The Boys Go To War

This is a story about two brothers and their friends living in Central Texas that joined the Texas Volunteers to fight for their State and the Confederacy in the War Between The States - the War of Secession - the Civil War. I like the term “The Late Unpleasantness”. It was also called “The Southern Aggression” and “The Northern Aggression” and by many other names. Most of the parents of these young men did not want them to go to war. The elders had settled in central Texas to get away from strife and conflict - WAR.

However, young men wanted adventure. Most of them volunteered before the Confederate conscription act was passed and then all the able bodied men were enlisted. Thousands went to the eastern theater of operations, but thousands more fought west of the Mississippi. Texas furnished over seven percent of the fighting men of the eleven Confederate States. Unknown hundreds of Texas men and boys also went north to fight for the Union. The War Between the States actually began three months before Charleston, South Carolina, when Federal Army General Twiggs surrendered the U. S. Army to the Knights of the Golden Circle on the Main Plaza in San Antonio, Texas. Federal Army Lt. Colonel Robert E. Lee arrived a few hours after the surrender and found he could do nothing to stop that treason. These fellows (the Boys) were never given uniforms. They were distinguished by their coarse pants, shirts, big wide hats, and boots. About half were called Infantry and the other half were enlisted as Mounted Infantry. The mounted men called themselves Cavalry. They had to furnish their own mounts and those horses were proud personal possessions. They also had to furnish their own horse furniture and weapons. When they lost any of these personal things most had to send home for replacements. The Texas Government and the Western Confederacy were not prepared for a war or to outfit an army and even had a difficult time feeding the troops and their animals most of the time.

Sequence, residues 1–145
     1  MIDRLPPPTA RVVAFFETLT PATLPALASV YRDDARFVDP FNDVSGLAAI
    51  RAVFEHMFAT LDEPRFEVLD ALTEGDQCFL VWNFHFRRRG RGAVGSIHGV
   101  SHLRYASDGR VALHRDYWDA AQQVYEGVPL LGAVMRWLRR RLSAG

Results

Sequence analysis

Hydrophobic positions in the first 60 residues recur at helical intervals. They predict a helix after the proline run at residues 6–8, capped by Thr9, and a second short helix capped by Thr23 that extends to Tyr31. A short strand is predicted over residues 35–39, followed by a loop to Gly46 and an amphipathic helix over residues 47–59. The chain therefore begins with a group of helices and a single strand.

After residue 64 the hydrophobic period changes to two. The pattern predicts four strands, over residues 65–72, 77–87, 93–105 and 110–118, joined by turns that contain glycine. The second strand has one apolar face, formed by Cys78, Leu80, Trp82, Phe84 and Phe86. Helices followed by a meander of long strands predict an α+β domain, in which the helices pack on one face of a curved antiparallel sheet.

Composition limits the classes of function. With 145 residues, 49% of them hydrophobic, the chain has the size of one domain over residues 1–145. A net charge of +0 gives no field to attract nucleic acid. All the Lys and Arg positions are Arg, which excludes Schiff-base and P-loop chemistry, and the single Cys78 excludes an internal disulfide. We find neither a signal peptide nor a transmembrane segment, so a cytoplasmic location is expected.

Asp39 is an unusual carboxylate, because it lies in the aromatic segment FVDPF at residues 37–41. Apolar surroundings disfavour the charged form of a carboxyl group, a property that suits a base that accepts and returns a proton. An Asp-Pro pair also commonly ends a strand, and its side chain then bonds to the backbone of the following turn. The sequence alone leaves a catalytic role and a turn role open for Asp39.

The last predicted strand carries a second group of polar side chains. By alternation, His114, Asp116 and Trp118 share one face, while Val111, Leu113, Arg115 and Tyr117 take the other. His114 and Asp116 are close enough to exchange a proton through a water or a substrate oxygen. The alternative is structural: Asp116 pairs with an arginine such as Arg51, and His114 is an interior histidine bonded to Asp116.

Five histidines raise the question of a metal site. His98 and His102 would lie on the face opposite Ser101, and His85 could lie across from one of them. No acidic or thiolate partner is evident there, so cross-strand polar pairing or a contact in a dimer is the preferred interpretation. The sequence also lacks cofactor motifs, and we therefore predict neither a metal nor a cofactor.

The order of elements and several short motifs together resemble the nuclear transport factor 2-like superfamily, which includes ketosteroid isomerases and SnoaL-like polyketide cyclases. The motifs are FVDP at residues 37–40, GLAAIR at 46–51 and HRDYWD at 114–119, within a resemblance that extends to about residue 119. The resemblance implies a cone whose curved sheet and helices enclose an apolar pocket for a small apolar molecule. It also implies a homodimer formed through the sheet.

Texas was the lifeline of the Confederacy with the Cotton trade. Cotton was the Confederacy's only real wealth. Texas however was treated like an unwanted relative by the leaders in Virginia. Early in the war the Confederacy lost the New Mexico campaign because of inept leaders. In the waning months of the war the Confederacy won the Louisiana Red River Campaign, and the last battle of the Civil War in Texas near Brownsville against all odds and superior forces through the efforts of brilliant leaders. However, Texas and her contribution to the war have always been treated as of no major significance by the Confederate powers in Virginia and later historians. The Boys, now men, struggled home after the senseless war was over in ragged clothing and half starved. Texas had to start all over again and Sam Houston was dead.

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Copyright © 2012 Edwin W. Mergele
Last Updated: August 22, 2012